At Aviary, we strive to not only provide our users with a seamless, fast, and fun photo editing experience, but also to safeguard our users and the personal data that is entrusted to us. Recently, the engineering team has undertaken the task of migrating the existing Aviary website to an entirely new backend with revamped databases and code base. This was done primarily to upgrade the existing site to support new features and functionality which we will be rolling out over the coming weeks. However, a parallel goal of this conversion process was to improve the security of our online Aviary accounts and better protect the users who visit our site. Since we were basically starting from scratch, it was a perfect opportunity to review our code from a security perspective. In this post, I would like to provide an introduction to a number of the security measures we take, as well as a brief background of the threats we are protecting against.
Full HTTPS Support
With the latest release of our website, we now use site-wide HTTPS by default for every page, even pages unrelated to a user's account. This feature greatly improves security by preventing other users on the network from eavesdropping on the traffic between Aviary’s servers and its visitors. We now also redirect all non-HTTPS pages to their respective HTTPS versions, essentially forcing the use of this security feature. Besides the enhanced protections this provides, it may also help us improve our search ranking on Google, as the search engine recently announced that they will begin favoring sites that utilize this protocol.
There is an old HTML element on the web called an IFRAME. Essentially, an IFRAME allows one site to embed another site within its pages, while still controlling the outer frame. In the realm of security, IFRAMEs present a threat because they allow attackers to easily trick visitors to a malicious site into thinking they are actually visiting the real site. At the same time, an attacker can overlay hidden elements over the real site to capture any input the user enters, such as usernames and passwords. To prevent a site from being “IFRAMEd,” our website now includes the header "X-Frame-Options DENY." This header tells the browser that the site cannot be loaded from within any other page.
More Enhanced Password Hashing
When you enter your password to log into the Aviary Developer account page, it undergoes complex hashing using the most recent best practice bcrypt hashing algorithm. This technology creates a one-way hash of your password that is extremely time consuming to crack using current hardware. If an attacker were to steal your account’s password hash, it would take over thirty years to crack a relatively uncommon password.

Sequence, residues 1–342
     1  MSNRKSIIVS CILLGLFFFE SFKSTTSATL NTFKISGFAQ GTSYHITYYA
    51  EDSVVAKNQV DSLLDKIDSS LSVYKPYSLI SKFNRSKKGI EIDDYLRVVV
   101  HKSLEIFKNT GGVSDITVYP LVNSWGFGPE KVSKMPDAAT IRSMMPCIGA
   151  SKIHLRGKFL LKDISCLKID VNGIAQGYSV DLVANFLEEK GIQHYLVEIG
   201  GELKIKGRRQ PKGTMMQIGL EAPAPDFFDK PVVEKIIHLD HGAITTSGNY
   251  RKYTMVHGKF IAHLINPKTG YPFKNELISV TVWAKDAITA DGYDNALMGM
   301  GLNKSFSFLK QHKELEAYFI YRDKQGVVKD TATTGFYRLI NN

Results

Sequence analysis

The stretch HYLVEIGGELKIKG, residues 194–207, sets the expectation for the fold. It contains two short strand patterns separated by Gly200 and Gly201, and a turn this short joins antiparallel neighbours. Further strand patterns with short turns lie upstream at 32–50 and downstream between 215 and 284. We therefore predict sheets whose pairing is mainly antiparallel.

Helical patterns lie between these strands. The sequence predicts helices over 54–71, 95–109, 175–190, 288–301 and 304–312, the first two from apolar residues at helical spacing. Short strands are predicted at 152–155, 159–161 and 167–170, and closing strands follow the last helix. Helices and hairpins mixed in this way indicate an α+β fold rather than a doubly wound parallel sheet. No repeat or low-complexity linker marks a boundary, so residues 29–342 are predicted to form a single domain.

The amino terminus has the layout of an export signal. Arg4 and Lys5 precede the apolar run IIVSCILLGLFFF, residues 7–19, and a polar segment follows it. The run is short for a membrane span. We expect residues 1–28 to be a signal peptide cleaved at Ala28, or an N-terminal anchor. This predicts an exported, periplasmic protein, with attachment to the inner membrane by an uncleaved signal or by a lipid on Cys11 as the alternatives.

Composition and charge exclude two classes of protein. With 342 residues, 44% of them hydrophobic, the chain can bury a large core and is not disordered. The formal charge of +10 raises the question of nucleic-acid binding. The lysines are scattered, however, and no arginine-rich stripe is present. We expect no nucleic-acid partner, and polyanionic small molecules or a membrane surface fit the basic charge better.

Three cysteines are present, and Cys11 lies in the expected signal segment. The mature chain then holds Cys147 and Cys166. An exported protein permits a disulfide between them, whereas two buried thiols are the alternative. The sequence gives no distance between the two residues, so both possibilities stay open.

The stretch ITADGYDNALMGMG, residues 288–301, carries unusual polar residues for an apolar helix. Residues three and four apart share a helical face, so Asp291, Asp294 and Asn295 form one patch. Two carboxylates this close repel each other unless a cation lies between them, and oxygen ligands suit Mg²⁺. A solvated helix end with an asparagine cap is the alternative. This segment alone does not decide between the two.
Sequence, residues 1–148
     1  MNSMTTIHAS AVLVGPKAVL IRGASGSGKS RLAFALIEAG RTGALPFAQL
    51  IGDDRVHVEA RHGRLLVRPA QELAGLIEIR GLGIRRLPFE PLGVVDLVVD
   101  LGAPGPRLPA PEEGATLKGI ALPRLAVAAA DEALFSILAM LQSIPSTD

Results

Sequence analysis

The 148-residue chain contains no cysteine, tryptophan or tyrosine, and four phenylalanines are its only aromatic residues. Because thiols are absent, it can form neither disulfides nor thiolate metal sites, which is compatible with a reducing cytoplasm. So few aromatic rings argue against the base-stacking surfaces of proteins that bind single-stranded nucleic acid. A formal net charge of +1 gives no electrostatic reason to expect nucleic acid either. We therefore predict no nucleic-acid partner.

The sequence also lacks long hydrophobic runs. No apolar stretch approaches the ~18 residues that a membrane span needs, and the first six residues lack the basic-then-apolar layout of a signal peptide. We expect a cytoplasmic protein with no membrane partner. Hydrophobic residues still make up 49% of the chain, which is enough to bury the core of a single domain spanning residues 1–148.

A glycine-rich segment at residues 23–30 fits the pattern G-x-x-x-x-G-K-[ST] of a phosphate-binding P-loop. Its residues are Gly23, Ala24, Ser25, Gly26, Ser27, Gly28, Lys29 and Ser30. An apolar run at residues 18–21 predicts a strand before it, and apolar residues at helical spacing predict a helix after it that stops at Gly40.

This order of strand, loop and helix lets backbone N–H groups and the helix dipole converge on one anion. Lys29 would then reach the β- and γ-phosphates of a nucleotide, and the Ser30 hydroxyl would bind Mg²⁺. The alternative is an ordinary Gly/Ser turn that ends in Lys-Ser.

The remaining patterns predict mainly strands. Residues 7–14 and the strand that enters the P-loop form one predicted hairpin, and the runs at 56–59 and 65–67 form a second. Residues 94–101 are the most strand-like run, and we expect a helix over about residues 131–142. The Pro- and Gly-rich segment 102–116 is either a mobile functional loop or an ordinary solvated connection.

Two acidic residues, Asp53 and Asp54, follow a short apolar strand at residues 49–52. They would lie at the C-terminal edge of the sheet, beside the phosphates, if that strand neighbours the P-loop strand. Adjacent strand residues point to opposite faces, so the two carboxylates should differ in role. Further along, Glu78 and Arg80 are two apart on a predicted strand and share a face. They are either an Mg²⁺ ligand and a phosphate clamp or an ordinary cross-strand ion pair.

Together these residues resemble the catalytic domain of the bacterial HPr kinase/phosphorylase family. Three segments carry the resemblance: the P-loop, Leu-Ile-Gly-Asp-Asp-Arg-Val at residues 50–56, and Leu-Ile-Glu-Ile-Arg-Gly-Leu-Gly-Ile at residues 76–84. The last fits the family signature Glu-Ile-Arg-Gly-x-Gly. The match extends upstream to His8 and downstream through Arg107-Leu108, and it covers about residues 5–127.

Strict Transport Security
Another server header that was enabled to work with HTTPS support is the “Strict Transport Security,” or “STS” header. This header tells the browser that the page cannot be sent over an insecure connection, helping to prevent attackers from intercepting your connection and removing the encryption that HTTPS provides. This header is now used across our website.
Whenever a user submits a form on the web, the web server should ensure that the data being submitted is actually coming from a legitimate request made by that user. Cross-site request forgery, or “CSRF,” is a security threat where an attacker is able to submit a form as if he or she were the user. Without getting into too many technical details, this is often done by creating the form’s data ahead of time on a malicious site and using the user’s session with the legitimate site to submit that data, usually in the background. CSRF tokens prevent these kinds of attacks by rendering a unique, one-time token with the form on the legitimate site, which must be included in the subsequent response by the user. This process aids in verifying that the request made is actually coming from a direct result of the user’s actions. These tokens are now included around Aviary’s website, helping to ensure that every request is a legitimate one.
We are committed to continually improving the user experience for all users of Aviary. Of course, you should continue to practice a proactive approach to your own account security; never reuse passwords from other websites or use easy-to-guess passwords. And, as always, feel free to contact us if you suspect your account has been used without your knowledge.